2 Answers

  1. Edmund Husserl, the philosopher and founding father of phenomenology, was a student ofBrentano. In the development of his ideas, he relied on the works ofNietzsche and his teacher, in particular the idea ofBrentano on the intentionality of things.

    Brentano was the first to point out that psychological processes such as memory and attention are poorly described, so he initially took a descriptive approach rather than an analytical one.

    Franz Brentano: “Wait to create theories, let's take a look at the phenomena!”

    Many centuries ago, philosophers wondered – What is the truth?

    Husserl put another question – What's the point?

    So how do I know the world?

    How is the subjective meaning and knowledge of things formed for me?

    How is the essence of things constituted in my mind?

    Husserl's phenomenology is the phenomenology of consciousness, according to which interest and attention are directed to what is contained in perception, and what this perception is. He was interested in the question, – Who is the phenomenon? – response – Consciousness. PhenomenologyHusserl's theory explored how things are presented to consciousness.

    Based on the sloganGetteBack to the things themselves!”,Husserl “says” – forget pragmatic goals, remove all intentions, put aside all theories and just look at the things themselves.

    According toAccording to Husserl, the essence of things can appear only in relations with the world. If a relationship arises between me and something or someone, only then is it possible to discover the essence of things. Objects do not exist outside of their perception by consciousness, that is, phenomena depend on the subject, and consciousness is the space in which phenomena appear.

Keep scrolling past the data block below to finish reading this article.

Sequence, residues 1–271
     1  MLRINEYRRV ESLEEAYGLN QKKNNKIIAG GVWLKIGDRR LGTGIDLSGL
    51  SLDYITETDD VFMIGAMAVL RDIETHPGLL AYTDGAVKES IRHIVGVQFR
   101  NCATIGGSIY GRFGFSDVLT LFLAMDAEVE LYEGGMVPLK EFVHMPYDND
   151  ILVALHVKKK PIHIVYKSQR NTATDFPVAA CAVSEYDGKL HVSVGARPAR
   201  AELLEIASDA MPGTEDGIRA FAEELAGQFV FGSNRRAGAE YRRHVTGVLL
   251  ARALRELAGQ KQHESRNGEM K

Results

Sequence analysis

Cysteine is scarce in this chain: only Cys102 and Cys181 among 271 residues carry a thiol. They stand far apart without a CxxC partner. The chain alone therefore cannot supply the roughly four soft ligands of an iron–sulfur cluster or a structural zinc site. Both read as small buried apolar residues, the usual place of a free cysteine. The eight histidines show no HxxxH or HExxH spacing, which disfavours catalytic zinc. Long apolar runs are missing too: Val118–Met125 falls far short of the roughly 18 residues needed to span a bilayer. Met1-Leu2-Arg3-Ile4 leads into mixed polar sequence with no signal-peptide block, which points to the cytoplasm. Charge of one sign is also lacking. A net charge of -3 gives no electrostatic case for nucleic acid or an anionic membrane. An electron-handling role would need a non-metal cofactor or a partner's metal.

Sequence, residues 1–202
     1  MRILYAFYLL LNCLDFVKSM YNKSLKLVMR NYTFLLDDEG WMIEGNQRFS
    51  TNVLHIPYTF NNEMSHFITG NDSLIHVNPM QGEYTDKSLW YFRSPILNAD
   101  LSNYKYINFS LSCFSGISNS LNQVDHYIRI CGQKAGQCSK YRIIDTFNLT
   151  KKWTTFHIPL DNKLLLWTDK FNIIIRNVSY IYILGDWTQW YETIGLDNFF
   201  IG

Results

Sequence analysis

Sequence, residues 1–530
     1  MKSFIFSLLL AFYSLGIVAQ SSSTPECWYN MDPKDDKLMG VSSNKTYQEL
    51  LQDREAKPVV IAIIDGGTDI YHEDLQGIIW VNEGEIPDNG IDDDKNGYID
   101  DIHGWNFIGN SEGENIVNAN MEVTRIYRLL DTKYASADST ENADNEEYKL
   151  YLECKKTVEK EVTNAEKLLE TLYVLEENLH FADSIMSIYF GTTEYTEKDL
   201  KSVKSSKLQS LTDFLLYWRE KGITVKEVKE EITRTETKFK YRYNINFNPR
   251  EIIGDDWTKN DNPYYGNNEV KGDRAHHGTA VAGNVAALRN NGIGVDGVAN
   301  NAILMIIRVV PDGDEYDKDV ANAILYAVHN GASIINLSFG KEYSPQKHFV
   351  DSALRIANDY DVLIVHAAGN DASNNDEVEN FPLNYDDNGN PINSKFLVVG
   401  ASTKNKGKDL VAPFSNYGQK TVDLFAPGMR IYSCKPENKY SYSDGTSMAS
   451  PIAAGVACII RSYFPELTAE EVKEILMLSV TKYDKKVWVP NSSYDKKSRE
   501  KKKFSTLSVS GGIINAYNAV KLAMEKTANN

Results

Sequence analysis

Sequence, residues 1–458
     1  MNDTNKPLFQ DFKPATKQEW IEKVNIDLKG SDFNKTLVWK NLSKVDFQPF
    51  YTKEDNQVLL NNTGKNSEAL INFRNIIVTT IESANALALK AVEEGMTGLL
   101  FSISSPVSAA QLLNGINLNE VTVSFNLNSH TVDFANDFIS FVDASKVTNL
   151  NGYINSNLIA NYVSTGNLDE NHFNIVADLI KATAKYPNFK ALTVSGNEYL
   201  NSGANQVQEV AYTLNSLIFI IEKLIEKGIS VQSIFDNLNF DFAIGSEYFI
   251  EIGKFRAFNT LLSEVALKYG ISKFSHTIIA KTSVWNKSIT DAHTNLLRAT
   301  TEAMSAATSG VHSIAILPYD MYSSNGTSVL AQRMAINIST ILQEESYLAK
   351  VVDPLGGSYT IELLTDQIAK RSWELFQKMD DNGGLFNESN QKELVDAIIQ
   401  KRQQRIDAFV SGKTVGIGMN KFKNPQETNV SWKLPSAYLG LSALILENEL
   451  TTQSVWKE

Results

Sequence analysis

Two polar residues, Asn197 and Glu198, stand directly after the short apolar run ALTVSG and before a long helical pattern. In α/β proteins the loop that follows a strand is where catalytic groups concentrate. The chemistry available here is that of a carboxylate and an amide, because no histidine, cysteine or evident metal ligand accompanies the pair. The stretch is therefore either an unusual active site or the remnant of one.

Cognition of the essence of things is carried out through subjective cognition.

    Husserl: “The essence is something that you will not confuse this thing with another”

    It is impossible to clear phenomena of subjectivity, that is, to completely remove oneself from the brackets, to remove the subjective factor. Therefore, he suggested that this factor should be dissected by dividing perception into

    • superficial (first impression received through the senses) and
    • deep (spiritual vision) or phenomenological perception, which includes intuition, one's own feelings, and understanding of relationships.

    Thus, a person's gaze is simultaneously directed at the surface, that is, the phenomenon, and at the essence (depth) of this phenomenon.

    Husserl also introduced two concepts-NOEMA and NOESIS.